Another situation to use wet flies is after you have already fished through a section of river. Usually, I will fish upstream using dry flies or nymphs and when I turn around to head back down river I will tie on a wet fly or two. Since I have already waded through the water the fish will be pretty wary of anything, so it is advantageous to fish downstream with a subtle wet fly.
Techniques and Where to Use Wet Flies
Swinging Wet Flies and Leisenring Lift
The most straight forward way to use wet flies is swinging them. There are numerous techniques to swinging wet flies, but what I have found to be consistently effective is to cast your line downstream (at a 45-60 degree angle towards the bank), mend or pull in some line to reduce the amount of slack, and then allow the fly to gently swing through the current until it is in-line with you. Most bites come while the fly is nearing the end of its swing or while I am holding it directly downstream of where I am standing.
A more technical way to use wet flies is the Leisenring Lift (named after the fly fishing author James Leisenring). To do this, cast your fly slightly upstream and follow the fly with your rod tip, this will give the fly some time to sink a little. Once the fly has drifted past you, stop following it with the rod tip. At this point, the fly will begin to rise up through the water column and that is when you can most likely feel a strike. This technique is great to use when there is a fish directly across stream, or slightly downstream, of you.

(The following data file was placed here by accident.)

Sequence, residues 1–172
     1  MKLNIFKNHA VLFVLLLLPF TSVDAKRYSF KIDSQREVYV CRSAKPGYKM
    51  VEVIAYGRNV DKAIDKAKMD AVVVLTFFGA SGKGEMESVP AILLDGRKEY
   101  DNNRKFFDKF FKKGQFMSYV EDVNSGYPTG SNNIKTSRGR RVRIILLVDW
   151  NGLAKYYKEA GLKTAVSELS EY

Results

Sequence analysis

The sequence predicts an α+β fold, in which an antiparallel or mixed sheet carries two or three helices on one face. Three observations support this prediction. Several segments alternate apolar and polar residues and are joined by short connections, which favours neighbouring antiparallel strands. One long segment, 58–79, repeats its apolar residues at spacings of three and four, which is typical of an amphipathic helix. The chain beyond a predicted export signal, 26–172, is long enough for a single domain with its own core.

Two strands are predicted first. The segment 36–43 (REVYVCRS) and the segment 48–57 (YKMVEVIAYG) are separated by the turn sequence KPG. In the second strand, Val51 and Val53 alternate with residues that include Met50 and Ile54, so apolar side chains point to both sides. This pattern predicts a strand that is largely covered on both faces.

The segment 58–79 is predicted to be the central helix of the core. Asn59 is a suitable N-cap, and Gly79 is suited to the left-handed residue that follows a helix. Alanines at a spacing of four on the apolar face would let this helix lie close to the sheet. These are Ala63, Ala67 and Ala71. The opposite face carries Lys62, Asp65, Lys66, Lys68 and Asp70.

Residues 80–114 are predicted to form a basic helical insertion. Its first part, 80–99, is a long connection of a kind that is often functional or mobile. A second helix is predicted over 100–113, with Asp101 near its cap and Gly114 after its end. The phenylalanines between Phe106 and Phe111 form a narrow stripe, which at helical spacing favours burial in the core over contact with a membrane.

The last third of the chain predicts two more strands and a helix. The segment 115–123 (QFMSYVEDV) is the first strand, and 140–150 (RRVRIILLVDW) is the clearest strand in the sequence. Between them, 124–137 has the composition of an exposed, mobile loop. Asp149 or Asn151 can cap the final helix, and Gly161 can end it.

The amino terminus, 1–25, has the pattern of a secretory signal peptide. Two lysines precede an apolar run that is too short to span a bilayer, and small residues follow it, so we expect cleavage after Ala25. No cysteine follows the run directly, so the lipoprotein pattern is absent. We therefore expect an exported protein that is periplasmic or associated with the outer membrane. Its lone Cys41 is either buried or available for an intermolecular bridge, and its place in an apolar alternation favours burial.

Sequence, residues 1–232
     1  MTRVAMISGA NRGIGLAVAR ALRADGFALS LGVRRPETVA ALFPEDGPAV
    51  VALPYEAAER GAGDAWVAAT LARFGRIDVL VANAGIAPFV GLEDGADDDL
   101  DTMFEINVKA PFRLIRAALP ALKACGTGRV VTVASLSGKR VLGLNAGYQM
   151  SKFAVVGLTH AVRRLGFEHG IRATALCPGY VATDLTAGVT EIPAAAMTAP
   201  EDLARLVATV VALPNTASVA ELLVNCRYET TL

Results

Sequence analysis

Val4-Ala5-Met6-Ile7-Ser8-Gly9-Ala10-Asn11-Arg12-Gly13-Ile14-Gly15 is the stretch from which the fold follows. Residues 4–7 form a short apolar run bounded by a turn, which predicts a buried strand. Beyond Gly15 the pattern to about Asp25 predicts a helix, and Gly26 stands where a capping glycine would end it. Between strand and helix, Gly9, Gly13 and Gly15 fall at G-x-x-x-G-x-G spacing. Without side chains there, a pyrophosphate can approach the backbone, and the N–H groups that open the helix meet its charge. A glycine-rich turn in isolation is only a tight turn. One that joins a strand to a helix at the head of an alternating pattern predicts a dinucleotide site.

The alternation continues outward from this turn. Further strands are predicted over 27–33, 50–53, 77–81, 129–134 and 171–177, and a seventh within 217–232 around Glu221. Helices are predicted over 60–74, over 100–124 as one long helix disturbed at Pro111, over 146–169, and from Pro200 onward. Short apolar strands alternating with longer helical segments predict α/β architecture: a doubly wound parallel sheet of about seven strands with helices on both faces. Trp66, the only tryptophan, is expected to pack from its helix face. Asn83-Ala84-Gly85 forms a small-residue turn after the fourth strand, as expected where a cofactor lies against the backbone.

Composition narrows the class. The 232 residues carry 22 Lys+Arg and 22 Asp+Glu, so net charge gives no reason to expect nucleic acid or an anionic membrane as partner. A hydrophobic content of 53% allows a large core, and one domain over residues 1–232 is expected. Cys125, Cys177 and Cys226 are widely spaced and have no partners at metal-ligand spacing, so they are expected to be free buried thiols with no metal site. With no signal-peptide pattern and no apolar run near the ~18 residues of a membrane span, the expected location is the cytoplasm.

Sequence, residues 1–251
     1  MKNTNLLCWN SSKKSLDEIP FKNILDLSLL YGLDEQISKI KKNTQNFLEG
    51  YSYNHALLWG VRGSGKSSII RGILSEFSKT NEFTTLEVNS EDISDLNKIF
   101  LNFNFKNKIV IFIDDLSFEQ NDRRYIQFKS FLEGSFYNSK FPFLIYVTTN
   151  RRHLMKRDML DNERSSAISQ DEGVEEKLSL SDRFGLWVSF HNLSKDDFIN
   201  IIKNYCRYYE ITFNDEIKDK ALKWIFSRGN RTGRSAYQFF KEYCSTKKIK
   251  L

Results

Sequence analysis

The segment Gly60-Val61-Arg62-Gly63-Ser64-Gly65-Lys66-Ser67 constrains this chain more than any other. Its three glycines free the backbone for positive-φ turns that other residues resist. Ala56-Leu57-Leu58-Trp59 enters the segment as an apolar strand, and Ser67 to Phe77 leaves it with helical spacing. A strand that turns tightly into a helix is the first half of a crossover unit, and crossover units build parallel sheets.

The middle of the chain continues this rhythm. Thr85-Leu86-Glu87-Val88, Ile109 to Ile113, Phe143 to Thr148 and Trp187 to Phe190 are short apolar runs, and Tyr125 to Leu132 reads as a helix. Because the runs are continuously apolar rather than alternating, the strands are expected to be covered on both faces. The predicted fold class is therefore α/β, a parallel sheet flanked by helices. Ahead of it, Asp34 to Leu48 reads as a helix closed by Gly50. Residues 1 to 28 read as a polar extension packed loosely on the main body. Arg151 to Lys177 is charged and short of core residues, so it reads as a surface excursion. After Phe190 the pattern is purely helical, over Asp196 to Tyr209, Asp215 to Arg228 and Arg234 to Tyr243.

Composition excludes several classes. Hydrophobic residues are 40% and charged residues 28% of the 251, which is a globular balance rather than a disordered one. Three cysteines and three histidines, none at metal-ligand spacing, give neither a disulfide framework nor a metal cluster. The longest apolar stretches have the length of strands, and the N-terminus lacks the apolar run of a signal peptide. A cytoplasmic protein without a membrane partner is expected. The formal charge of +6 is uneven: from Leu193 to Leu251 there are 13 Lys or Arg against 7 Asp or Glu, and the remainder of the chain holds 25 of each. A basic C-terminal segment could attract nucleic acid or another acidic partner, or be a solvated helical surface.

With either of these techniques try using multiple wet flies, one weighted and one unweighted. This places the flies in different depths of water as some fish might be near the bottom or feeding somewhere mid-column. If you do not have weighted wet flies, the next best thing is to pinch on some split shot to you leader to help sink the flies.
While using these techniques, keep your rod tip slightly up. You will most often feel a fish strike when the fly is downstream of you. Having the rod tip slightly elevated acts as a shock absorber and reduces the chance of the fish popping off the fly or the tippet breaking. Also, when the fish does bite it typically is felt as a 'tick, tick, tick' followed by a solid pull. When this happens, keep the fly line pinched to the cork and allow the fish to hook itself. Once you feel the solid pull you can then raise the rod and start fighting the fish. If you raise the rod too soon you are essentially pulling the fly away from the fish's mouth.
Both the standard swing and Leisenring Lift are handy to use in front of boulders or log jams, through riffles, at the heads of pools, and along under-cut banks (especially on river bends). One of my favorite techniques is to swing a fly in front of log jams and then hold the fly in position just in front of the logs. Fish can be stacked up in these places and it is difficult to get any fly in front of their faces, but this technique seems to work best for me. I will also hold the fly in position for as long as I can while gently gliding the fly side to side in front of the logs.